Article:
Same-sex weddings are very similar to mixed-sex weddings, only the legal certificate may not be there. As the UK doesn't yet recognize gay marriages, the recognition and celebration of your union is often referred to as a commitment ceremony, but the function is the same--to declare your love and devotion to one another in the eyes of your friends, family and sometimes, your church. It gives your commitment a feeling of permanence, and of course, gives you a reason to throw a fancy party afterwards! In many ways, you may have more flexibility in your ceremony and reception than a heterosexual couple, especially when it comes to vows, readings and formal processionals, so have fun with it.
There are a lot of different options when it comes to the officiant. You can still ask a judge or justice of peace to sanction your wedding even though the ceremony will not be recognized in the legal sense of things; they will be doing so symbolically--nothing legally binds the two of you together. You may also be married by a priest, minister or rabbi as long as they agree to do so. If you are in a more relaxed or reform religious setting or you've known your officiant for years, chances are the individual would be delighted to help you take this next important step in life. If you're looking for a more "non-traditional" officiant, why not have a close friend or relative perform the ceremony? And if you fear you might offend someone by not picking them to participate, try contacting an Ethical Humanist officiant (these individuals are part of a religious movement dedicated to social justice).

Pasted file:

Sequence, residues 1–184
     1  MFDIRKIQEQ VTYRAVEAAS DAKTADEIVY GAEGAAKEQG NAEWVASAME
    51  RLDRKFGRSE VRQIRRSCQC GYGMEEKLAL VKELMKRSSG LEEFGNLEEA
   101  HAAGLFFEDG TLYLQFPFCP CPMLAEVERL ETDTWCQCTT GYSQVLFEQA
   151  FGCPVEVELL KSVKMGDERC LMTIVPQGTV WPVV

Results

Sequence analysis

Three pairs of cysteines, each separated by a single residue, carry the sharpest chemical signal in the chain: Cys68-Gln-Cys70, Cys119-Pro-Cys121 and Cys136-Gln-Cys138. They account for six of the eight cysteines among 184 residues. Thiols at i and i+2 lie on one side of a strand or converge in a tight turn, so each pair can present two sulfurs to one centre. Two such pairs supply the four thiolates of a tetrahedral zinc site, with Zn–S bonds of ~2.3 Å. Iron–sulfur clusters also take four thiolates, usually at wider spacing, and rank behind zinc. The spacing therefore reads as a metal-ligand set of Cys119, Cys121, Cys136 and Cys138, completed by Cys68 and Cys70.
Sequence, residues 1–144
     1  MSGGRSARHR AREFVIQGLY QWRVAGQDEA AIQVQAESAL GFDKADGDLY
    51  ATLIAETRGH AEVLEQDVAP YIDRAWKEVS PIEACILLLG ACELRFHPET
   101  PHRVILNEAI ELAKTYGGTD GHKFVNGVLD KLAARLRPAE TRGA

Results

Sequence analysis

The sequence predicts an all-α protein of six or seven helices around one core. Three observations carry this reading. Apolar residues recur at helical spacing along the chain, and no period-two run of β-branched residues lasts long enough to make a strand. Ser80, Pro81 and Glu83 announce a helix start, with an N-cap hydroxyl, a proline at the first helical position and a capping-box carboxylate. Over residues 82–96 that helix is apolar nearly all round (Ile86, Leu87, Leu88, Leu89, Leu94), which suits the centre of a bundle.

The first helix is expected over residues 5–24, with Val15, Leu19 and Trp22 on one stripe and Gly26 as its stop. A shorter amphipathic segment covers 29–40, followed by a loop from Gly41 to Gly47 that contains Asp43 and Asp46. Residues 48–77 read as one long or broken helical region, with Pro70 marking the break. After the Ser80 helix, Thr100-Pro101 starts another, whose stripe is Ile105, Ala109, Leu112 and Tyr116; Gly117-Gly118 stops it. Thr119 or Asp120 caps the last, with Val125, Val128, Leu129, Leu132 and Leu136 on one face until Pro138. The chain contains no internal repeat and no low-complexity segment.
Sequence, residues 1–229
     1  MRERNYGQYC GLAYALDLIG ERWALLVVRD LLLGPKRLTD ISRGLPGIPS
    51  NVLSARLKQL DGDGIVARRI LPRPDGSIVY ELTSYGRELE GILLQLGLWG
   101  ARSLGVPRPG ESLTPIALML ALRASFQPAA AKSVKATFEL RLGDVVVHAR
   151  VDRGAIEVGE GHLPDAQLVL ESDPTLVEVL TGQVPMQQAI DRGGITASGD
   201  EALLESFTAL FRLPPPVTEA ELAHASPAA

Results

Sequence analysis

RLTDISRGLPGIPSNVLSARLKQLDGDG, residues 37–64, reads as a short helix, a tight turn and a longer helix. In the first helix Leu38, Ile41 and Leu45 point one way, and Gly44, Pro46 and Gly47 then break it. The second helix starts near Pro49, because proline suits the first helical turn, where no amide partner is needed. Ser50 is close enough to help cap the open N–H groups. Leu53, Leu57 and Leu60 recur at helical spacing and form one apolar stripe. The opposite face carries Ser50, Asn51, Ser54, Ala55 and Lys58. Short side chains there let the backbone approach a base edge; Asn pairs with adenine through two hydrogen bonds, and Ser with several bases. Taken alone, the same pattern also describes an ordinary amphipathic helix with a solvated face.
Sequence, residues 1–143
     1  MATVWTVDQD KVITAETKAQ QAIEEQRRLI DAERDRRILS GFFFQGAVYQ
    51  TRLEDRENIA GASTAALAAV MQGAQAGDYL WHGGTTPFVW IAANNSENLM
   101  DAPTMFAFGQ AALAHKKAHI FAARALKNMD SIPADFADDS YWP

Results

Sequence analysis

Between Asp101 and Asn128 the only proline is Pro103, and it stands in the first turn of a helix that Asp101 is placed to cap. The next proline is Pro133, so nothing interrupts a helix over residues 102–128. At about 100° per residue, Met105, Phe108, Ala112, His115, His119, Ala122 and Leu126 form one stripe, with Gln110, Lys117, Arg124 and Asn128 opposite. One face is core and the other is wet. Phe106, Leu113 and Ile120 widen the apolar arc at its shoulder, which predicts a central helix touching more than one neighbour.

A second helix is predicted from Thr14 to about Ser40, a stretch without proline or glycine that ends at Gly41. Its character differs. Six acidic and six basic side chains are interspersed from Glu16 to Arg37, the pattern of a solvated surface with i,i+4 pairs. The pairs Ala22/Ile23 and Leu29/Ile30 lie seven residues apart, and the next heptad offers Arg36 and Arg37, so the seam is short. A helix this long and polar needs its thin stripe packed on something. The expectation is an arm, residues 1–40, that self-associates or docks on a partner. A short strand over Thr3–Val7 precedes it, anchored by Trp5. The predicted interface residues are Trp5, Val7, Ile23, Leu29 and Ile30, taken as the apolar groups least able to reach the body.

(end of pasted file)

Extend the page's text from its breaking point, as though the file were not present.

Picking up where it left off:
Since you may not have set legal or religious proceedings to go by, this is a great opportunity to craft your dream wedding ceremony. Sit down with your spouse-to-be to decide what should be said as the ceremony begins and you are both recognized, along with your vows and the readings performed during your ring exchange. You have freedom to adapt any and all readings from poems, songs, excerpts of novels and whatever else may have an important meaning to the both of you. For some specific ideas on how to go about writing and/or choosing your vows, check out our wedding vows guide.
This is the same for same-sex couples as is for mixed-sex couples; technically, you can wear whatever you want! There are traditions--formal wear is usually accepted over casual wear and white is always in style.
The rest mostly depends on personal preference. If you're getting married in a religious building, think about how you will walk down the aisle. Perhaps you can walk down separate aisles before the ceremony, and then walk together down a single centre aisle once the service is completed. Make sure you assess the space and its ability to accommodate your wishes before you book it!